I certainly think #3 and #5 are big causes for agents to reject a query.  They get tons of submissions every day.  Having to make fast decisions causes them to judge your writing only on what they see in that query letter.  If you are bad at writing it or you have mistakes all through it, then that probably means you are bad at your other writing and have mistakes all through those too.  However, I think there needs to be another one.  How about 6. You don't have a personal connection to the agent.  I think that meeting an agent and  having an author who works for that agent recommend you are probably important keys to getting in.  That is not to say that I disagree with this or anything, just it seems that these too things would help you stand above that 96% of authors trying to get in, but not doing so.

So, read the article if you wish to see more information on these, and tell me what you think.  Do you think the agent rejection rate really is 96%?  Do you agree with this list?  Do you have your own #6?

Whatever the case - here's to us being one of the 4%!


Friday, November 8, 2013

Author Spotlight - Joseph Finley

This month's author spotlight is on Joseph Finley.  Now I do not know Joseph and have never communicated with him before this post.  What drew my attention to him was two things - his amazing blog (Fresh-scraped Vellum) and his book (Enoch's Device).

The purpose of the author spotlight is to see how other authors are doing it.  How are they establishing an online platform?  What are they doing that works or doesn't work?  Of course, we want to look at their writing too.

When checking out Mr. Finley's page, we do not get a lot about his personal life.  He lets the visitor know that he is an author, a book reviewer, and a lover of history (especially medieval) and fantasy.  Just a quick look at his page will let you know that medieval history is a passion of his.  So what does he have on his site that really works?

  • Book Reviews - Finley reviews books that catch his attention and that he has time to read.  It is not the focus of the site, but it is a major component.  He is good and fair reviewer, too.
  • Access to his Writing - he has a tab for short stories which leads to a link to a magazine that published one of his stories.  I get the feeling that his plan is to fill that tab with more short stories as they get published.  It is a quick way for an interested agent or publisher to see his previous successes and to get more of a taste for his potential.  I would definitely encourage any aspiring writer to post all of their publishing history.
  • Social Media - He has quick links to share his site on Facebook, Twitter, and two I haven't seen before - an e-mail share link and a ShareThis link.  He also has a Twitter account @joseph_finley which I have added to our ongoing monthly list of authors on Twitter (which is scheduled to end in February).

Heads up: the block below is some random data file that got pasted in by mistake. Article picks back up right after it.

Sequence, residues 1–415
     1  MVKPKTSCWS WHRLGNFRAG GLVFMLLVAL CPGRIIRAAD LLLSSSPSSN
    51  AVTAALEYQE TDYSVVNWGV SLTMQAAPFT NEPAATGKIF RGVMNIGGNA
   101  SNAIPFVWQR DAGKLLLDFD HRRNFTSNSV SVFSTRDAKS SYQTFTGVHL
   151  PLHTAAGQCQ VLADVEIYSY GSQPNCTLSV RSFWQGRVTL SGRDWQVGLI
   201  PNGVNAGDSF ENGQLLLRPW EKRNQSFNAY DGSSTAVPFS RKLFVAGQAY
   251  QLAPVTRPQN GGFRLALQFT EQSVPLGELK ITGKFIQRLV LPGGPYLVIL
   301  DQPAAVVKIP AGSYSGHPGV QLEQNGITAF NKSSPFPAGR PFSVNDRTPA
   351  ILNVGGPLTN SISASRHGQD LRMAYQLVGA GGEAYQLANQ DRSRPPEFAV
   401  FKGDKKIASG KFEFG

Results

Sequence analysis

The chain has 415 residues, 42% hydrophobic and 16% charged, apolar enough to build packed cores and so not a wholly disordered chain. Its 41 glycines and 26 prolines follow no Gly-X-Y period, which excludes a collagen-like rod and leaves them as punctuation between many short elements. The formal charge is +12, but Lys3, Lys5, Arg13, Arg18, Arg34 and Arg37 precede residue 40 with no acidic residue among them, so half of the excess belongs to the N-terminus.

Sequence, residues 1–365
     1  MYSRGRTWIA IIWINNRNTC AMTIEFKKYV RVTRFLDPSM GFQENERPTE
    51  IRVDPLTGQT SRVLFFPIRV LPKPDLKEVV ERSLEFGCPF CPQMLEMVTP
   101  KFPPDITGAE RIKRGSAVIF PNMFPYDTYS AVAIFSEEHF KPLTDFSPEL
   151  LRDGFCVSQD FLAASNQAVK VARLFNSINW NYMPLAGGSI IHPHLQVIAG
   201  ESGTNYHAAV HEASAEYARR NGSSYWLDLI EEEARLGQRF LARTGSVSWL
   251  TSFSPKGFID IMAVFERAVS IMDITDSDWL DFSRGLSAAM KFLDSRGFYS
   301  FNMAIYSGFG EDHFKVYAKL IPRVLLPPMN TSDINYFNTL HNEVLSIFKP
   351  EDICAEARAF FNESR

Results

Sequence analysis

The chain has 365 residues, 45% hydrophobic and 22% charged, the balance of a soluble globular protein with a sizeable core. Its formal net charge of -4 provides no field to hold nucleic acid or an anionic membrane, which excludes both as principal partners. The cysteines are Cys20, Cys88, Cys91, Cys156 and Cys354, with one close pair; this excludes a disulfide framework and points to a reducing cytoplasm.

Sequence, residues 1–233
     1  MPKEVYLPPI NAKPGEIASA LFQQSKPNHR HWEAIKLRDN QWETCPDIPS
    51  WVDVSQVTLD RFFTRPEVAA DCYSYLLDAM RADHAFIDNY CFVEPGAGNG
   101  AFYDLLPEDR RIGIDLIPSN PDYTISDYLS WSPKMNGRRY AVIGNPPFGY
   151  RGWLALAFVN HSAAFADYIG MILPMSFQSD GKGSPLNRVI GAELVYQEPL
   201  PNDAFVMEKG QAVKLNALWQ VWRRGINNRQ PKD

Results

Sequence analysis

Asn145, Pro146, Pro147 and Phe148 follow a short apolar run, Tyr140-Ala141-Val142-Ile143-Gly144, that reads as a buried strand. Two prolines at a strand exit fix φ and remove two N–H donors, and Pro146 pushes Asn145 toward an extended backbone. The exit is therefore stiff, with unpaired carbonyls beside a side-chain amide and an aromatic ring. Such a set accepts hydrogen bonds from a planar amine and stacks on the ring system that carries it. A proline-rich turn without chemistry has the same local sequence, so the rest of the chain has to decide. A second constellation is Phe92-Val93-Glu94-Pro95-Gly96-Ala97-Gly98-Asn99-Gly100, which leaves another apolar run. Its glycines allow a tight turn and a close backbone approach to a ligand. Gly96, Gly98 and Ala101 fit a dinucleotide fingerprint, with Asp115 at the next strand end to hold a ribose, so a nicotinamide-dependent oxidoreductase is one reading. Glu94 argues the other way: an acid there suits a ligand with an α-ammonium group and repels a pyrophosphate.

• A Blog Roll - A listing of other blogs about writing, history, fantasy, and book reviews that he likes. The list is pretty long and I plan on taking the time to look through them and I'll share with you guys some of them.
  • A Drunken Monk - How many other blogs can you think of that has one of these? 
He also has information about his book, although he has a separate blog for his book.  I'm not quite sure if he did this to provide more concentrated coverage of his book or if Fresh-scraped Vellum is a blog that he started before his book and wanted to keep the two separate. His book blog is Enoch's Device.  


Here is the description of his book:


Nearly a thousand years after the birth of Christ, when all Europe fears that the world will soon end, an Irish monk, Brother Ciarán, discovers an ominous warning hidden in the illuminations of a religious tome. The cryptic prophecy speaks of Enoch’s device, an angelic weapon with the power to prevent the coming apocalypse.


Pursued by Frankish soldiers and supernatural forces, Ciarán and his freethinking mentor, Brother Dónall, journey to the heart of France in search of the device. There, they rescue the Lady Alais from a heretic-hunting bishop who insists mankind must suffer for its sins. Together the trio races across Europe to locate the device, which has left clues of its passage through history. But time is running out, and if they don’t find it soon, all that they love could perish at the End of Days.
Enoch’s Device is a fast-paced medieval adventure steeped in history, mythology, and mysteries from a dark and magical past.

Sounds good, doesn't it?  I'm getting it on Kindle and trying it out.  It sounds like a book right up my alley.  This is also where he does a good job with his online platform.  This blog gives all the updates he needs for the book - Amazon link, testimonials, and links to reviews.

Has anyone here read him before or has followed his blog?  Anything you see that he is doing that you plan on doing in creating your online platform?  Let me know below!


Thursday, November 7, 2013